U.S. officials will look into erecting a temporary span after an Interstate 5 bridge collapsed into Washington State’s Skagit River when an Albertan truck driver struck a support beam with an oversized load.
Three people, including a University of British Columbia student, suffered non-life-threatening injuries.
The interstate is the major thoroughfare connecting B.C. and Washington State. The collapse happened on the U.S. Memorial Day weekend, which is also the weekend of the popular Sasquatch music festival in Quincy, Wash., which many Canadians typically attend.
At a news conference on Friday, Governor Jay Inslee called the interstate an “artery of commerce” and said officials were “launching a full-scale pursuit of restoring this corridor as fast as possible.” About 70,000 motorists use the bridge daily.
“There is a possibility we can use what’s known as a ‘Bailey bridge,’ which was something that was built and developed in World War 2, to span this 160-foot section,” he said. “We are searching the entire country right now, trying to find a Bailey bridge that might be able to provide us with a temporary span.”
The incident was triggered when the southbound semi truck – carrying a large, empty, steel box – struck at least one overhead support beam, said Sergeant Kirk Rudeen of Washington State Patrol.
The truck managed to drive to safety, but two vehicles behind it – a pickup truck carrying a husband and wife and a Subaru with a lone male – plunged about 15 metres into the river in approximately 4 1/2 metres of water. They were taken to hospital with minor injuries.
The driver, William Scott, 41, of Alberta, was headed to Vancouver, Wash., at the time, Sgt. Rudeen said. Mr. Scott has co-operated with investigators, going to hospital for a voluntary blood draw, the results of which are not yet available. However, Sgt. Rudeen said there is no early indication of drug or alcohol impairment.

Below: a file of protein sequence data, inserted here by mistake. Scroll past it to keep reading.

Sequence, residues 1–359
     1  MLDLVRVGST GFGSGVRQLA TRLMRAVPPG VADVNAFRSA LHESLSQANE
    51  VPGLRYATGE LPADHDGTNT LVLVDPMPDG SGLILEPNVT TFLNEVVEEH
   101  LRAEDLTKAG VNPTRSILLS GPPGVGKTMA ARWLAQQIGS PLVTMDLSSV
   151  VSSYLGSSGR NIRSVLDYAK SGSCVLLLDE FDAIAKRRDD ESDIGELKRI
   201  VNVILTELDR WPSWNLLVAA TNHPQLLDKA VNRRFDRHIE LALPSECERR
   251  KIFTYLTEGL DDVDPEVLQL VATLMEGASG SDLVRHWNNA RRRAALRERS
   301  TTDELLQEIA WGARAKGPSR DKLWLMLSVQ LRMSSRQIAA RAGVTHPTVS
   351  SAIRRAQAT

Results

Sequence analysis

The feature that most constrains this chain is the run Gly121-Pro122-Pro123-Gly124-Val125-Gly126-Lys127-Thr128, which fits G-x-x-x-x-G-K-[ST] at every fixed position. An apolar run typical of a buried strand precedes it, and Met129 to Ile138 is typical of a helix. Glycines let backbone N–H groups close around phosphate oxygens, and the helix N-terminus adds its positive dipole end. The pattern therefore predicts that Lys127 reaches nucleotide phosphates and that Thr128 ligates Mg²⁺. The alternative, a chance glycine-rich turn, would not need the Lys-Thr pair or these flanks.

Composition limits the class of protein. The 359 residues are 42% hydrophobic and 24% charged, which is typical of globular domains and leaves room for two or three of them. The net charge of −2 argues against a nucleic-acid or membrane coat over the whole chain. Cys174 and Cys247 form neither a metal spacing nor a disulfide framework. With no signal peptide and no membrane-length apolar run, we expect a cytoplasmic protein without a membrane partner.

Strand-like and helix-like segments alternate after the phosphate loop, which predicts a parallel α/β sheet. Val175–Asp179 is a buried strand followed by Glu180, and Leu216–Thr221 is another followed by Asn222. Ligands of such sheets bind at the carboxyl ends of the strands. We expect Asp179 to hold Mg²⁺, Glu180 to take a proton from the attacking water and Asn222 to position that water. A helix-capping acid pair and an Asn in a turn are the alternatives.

“Our role now is to determine the actions of the truck prior to the collision and work backwards to answer why he hit the bridge,” Sgt. Rudeen said. Police will be looking into factors such as whether Mr. Scott violated the terms of his truck permit or committed a driving infraction. It is too early to speculate whether any charge would be laid, Sgt. Rudeen said.
Mr. Scott’s wife, Cynthia, said she spoke with him right after he saw the bridge crash into the river and doesn’t believe he was responsible for the collapse.
“He looked in the mirrors and it just dropped out of sight,” she said Friday from the couple’s home on a rural property near Spruce Grove, Alta., just west of Edmonton. “I spoke to him seconds after it happened. He was just horrified.”
“They’re saying in the news that he plowed into the [bridge] and I’m going, ‘No, he didn’t plow into anything.’ ”
The Washington State Department of Transportation had granted Mullen Trucking, Mr. Scott’s employer, a permit to carry its oversized load across the bridge. Ms. Scott said a special car equipped with poles, typically 1 1/2 metres higher than the highest point of a load, had travelled the truck’s route beforehand to make sure everything would fit.
Dan Sligh and his wife, the couple in the pickup truck, were heading to a camping trip when the bridge before them disappeared in a “big puff of dust.”
“I hit the brakes and we went off,” Mr. Sligh told reporters from a hospital, adding he “saw the water approaching … you hold on as tight as you can.”
Mr. Sligh said his shoulder was dislocated in the drop into the water, and he found himself “belly deep in water in the truck.” He said he popped his shoulder back in and called out to his wife, whom he described as being in shock initially as they waited for rescuers to arrive in boats.
Bryce Kenning, the 20-year-old UBC student in the Subaru, was taken to United General Hospital in Sedro-Woolley. He lived in Mount Vernon and goes to school in B.C. KIRO-TV reported he was on his way to a pickup hockey game in Bellingham at the time of the collapse.
“I’m overwhelmed by the support I’ve received from this accident,” he tweeted on Friday. “Thank you all so much for your prayers! Miracles do happen!”
The bridge was not classified as structurally deficient, but a Federal Highway Administration database listed it as being “functionally obsolete” – a category that means the bridge design is outdated and there may be narrow shoulders or low clearance underneath.
The bridge was built in 1955 and has a sufficiency rating of 57.4 out of 100, federal records indicate. That is well below the statewide average rating of 80, according to an Associated Press analysis of federal data.
Late afternoon Friday, the investigators remained on scene surveying the wreckage.
With reports from The Canadian Press and Associated PressReport Typo/Error